My nightmare experience, like Norm`s, on a hot Summer day, having to slowly approach traffic lights till they turned green, because I couldn`t change gears if I stopped. When I got home, nearly riding through the garage wall, having to stall the engine. The clutch plates were fused together, I had to lever them apart with a screw driver, this was the result of using cheap lawnmower engine oil. Only ATF-Type F for Fords after that. The clutch lever movement stayed fairly constant with a ceramic ball too. I had thoughts of fitting a larger ball to get a bit more rod movement, but never got around to it.
Posted: 10:19pm 16th December, 2018
Norm Subject: What causes a hot clutch to go grabby?
Leon the ceramic ball would make things worse,you need the rod to heat up more to grow in length. I had considered moving the cable entry point in the end cover further forward and shorten the clutch lever (71) This then would increase the travel on the rod but would also make the clutch heavier to operate. Sure it might have fixed mine but it was too difficult to make up something for other people to be able to modify for their bike so I just gave up
Posted: 10:52pm 16th December, 2018
Mark M Subject: What causes a hot clutch to go grabby?
Stinkwheel. can you explain about the Kawasaki GPZ550 clutch please? I Googled pictures of it and I can't see how any of it would fit, for instance the outer plate is for a 5 spring arrangement which wouldn't line up with the 3 spring posts on an Enfield one?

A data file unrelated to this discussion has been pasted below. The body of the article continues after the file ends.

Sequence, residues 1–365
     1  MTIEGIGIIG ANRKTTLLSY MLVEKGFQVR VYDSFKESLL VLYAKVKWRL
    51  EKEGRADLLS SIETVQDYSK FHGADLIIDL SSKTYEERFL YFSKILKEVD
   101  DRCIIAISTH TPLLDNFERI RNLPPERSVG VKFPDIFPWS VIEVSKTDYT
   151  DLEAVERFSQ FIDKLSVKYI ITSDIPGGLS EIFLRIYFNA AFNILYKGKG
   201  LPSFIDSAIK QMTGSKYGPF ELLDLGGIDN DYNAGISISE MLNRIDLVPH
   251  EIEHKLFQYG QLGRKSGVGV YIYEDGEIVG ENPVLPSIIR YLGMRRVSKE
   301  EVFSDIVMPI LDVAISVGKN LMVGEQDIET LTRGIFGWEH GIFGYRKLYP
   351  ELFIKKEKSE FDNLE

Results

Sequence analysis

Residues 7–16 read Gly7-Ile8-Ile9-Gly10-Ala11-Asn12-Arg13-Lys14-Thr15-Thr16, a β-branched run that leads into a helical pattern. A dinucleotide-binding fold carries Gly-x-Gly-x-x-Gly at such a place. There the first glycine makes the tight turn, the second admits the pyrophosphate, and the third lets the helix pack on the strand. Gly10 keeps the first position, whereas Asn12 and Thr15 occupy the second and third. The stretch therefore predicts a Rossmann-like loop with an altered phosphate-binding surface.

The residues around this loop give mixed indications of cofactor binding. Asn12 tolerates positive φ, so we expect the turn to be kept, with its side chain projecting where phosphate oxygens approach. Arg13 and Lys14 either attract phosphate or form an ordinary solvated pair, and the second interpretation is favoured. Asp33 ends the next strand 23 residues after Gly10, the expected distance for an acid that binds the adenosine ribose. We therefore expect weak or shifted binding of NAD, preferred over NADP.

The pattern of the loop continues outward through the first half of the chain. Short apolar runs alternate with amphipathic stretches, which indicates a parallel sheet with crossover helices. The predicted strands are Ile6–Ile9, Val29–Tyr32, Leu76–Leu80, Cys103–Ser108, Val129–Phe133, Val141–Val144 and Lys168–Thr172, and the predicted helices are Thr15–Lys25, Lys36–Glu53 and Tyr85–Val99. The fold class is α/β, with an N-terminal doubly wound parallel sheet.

REgards, Mark
Posted: 10:56pm 16th December, 2018
vince Subject: What causes a hot clutch to go grabby?
Hi, check that there is no end float on the mainshaft caused by loose lefthanded nut and the clutch is tight on shaft. Also fill the pushrod tunnel with light grease, pushrods are usually red with rust. Tighten up the cable adjuster until there is no slack. Take the bike for a ride at low speed in top gear and see if you get any slip when putting the power on up a gradient. If it slip then back off adjuster just enough to grip. Vince
Posted: 10:58pm 16th December, 2018
Norm Subject: What causes a hot clutch to go grabby?
The other thing that helps is the outer cover stiffening bolt mod on the Indian covers, this can gain you another .5mm on the rod and a heavy duty clutch cable, one you get made up using the cable they used on the big Jap 4 cylinder bikes, not the off the shelf stuff. I even extended the pivot point on my handelbar lever to get me a little extra cable travel, cable travel is now at 20mm. That increase gave me about .3mm at the rod. It all helps slightly, a fraction of a mm here and there but no matter what you do it will always be a borderline clutch
Posted: 09:02am 17th December, 2018